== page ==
• Gross Domestic Product indicators: Measure how much the economy produces
  • Consumer Spending indicators: Measure how much capital consumers feed back into the economy
  • Income and Savings indicators: Measures how much consumers make and save
  • Industry Performance indicators: Measures GDP by industry
  • International Trade and Investment indicators: Indicates the balance of payments between trade partners, how much is traded, and how much is invested internationally
  • Prices and Inflation indicators: Indicate fluctuations in prices paid for goods and services and changes in currency purchasing power
  • Investment in Fixed Assets indicators: Indicate how much capital is tied up in fixed assets
  • Employment indicators: Shows employment by industry, state, county, and other areas
  • Government indicators: Shows how much the government spends and receives
  • Special indicators: All other economic indicators, such as distribution of personal income, global value chains, healthcare spending, small business well-being, and more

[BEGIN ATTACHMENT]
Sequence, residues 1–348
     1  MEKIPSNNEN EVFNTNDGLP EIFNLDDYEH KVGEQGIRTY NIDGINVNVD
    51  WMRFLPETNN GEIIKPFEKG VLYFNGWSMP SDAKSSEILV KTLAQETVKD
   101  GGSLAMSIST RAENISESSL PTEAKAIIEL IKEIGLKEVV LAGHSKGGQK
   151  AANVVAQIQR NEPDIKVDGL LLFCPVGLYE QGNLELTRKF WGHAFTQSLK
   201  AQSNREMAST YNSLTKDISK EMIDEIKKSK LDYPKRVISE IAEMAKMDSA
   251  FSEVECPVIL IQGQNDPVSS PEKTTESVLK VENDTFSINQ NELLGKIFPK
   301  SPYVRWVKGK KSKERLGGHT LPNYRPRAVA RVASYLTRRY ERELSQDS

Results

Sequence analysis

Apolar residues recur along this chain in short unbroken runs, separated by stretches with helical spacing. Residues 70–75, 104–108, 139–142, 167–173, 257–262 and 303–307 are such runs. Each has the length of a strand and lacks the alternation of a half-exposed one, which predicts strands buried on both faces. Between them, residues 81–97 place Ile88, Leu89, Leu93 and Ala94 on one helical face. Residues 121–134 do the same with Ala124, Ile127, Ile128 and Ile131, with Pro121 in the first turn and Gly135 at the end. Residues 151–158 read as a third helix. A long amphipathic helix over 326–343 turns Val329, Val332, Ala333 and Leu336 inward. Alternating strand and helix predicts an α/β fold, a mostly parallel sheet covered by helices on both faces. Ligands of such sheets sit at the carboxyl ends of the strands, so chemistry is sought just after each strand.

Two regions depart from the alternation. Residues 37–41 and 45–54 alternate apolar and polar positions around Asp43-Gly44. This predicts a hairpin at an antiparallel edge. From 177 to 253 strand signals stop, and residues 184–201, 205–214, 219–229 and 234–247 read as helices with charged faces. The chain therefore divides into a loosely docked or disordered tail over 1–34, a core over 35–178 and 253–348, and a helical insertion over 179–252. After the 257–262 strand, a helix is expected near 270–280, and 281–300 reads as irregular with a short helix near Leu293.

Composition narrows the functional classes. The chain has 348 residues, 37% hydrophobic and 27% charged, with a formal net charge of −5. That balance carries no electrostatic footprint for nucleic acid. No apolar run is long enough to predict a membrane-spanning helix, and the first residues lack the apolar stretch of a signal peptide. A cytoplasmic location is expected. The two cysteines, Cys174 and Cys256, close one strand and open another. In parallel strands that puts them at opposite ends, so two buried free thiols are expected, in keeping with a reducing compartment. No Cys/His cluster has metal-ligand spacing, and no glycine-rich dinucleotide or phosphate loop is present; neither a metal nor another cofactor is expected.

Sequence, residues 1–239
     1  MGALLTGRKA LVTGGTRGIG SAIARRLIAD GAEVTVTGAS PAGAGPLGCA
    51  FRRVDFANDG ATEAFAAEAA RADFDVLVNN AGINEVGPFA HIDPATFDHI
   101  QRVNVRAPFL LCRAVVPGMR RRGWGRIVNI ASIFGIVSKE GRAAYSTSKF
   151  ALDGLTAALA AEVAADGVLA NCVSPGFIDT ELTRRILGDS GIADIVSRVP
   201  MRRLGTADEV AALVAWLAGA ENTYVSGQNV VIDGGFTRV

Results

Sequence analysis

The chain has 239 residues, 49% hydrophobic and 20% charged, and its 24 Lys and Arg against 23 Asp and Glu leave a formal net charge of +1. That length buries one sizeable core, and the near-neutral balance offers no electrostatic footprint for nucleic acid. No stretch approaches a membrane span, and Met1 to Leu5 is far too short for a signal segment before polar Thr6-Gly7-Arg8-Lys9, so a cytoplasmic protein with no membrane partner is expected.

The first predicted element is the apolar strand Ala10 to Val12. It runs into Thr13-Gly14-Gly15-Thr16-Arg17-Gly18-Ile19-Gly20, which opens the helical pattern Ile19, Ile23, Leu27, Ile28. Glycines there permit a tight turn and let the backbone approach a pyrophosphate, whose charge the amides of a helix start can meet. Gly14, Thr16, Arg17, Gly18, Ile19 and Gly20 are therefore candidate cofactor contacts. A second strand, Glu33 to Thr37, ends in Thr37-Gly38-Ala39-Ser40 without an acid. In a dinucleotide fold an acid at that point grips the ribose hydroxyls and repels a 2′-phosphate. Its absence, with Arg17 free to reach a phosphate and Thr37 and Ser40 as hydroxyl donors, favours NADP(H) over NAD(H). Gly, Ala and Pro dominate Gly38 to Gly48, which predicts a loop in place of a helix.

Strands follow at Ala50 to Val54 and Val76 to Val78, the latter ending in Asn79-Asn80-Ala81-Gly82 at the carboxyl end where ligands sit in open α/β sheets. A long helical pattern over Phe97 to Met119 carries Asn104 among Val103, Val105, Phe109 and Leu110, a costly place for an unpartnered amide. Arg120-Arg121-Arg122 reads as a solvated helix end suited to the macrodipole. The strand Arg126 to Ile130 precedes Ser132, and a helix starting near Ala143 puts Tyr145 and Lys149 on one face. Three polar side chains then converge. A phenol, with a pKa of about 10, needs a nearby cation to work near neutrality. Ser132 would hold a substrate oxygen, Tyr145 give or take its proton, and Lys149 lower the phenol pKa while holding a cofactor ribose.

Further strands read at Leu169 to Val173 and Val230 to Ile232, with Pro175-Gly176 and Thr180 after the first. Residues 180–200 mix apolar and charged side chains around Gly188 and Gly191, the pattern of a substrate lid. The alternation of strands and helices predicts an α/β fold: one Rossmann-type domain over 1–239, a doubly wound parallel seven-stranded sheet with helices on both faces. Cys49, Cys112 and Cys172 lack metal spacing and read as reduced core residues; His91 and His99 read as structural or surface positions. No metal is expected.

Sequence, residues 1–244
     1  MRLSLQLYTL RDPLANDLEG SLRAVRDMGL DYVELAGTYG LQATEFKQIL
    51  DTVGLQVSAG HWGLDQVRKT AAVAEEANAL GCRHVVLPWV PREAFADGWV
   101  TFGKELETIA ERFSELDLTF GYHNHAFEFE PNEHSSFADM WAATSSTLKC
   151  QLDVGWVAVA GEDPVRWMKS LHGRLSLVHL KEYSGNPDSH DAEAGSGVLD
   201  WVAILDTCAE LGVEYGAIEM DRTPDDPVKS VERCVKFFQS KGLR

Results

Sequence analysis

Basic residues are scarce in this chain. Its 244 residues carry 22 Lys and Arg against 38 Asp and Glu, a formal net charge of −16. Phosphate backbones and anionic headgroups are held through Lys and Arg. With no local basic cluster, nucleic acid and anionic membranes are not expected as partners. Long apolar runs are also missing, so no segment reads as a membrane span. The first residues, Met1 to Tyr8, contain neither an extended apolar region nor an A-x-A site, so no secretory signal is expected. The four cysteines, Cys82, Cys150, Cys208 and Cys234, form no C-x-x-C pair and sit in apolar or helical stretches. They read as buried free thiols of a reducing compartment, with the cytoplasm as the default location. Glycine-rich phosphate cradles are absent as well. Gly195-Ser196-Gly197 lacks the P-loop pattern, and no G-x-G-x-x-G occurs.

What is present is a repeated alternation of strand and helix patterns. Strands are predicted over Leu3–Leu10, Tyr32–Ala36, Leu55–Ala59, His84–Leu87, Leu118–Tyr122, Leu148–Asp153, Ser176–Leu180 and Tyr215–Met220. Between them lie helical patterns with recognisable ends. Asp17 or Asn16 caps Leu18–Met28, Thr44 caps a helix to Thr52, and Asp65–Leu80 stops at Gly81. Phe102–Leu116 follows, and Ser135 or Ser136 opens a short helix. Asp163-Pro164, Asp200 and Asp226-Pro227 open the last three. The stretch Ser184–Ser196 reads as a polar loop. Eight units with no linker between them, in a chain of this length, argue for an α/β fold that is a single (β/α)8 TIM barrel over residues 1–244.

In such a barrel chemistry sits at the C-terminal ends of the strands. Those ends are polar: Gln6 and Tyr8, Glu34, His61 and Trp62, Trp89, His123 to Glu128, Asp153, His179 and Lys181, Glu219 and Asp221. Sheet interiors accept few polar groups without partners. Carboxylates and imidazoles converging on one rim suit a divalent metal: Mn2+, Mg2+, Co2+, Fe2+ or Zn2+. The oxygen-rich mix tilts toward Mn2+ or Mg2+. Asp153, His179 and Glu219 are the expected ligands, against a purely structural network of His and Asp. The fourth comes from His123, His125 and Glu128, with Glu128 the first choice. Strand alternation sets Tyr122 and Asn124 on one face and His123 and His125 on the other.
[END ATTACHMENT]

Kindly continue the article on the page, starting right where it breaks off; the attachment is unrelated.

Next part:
The Business Cycle

Superimposed over long-term macroeconomic growth trends, the levels and rates of change of significant macroeconomic variables such as employment and national output go through fluctuations. These fluctuations are called expansions, peaks, recessions, and troughs—they also occur in that order. When charted on a graph, these fluctuations show that businesses perform in cycles; thus, it is called the business cycle.

The National Bureau of Economic Research (NBER) measures the business cycle, which uses GDP and Gross National Income to date the cycle. The NBER is also the agency that declares the beginning and end of recessions and expansions.

How to Influence Macroeconomics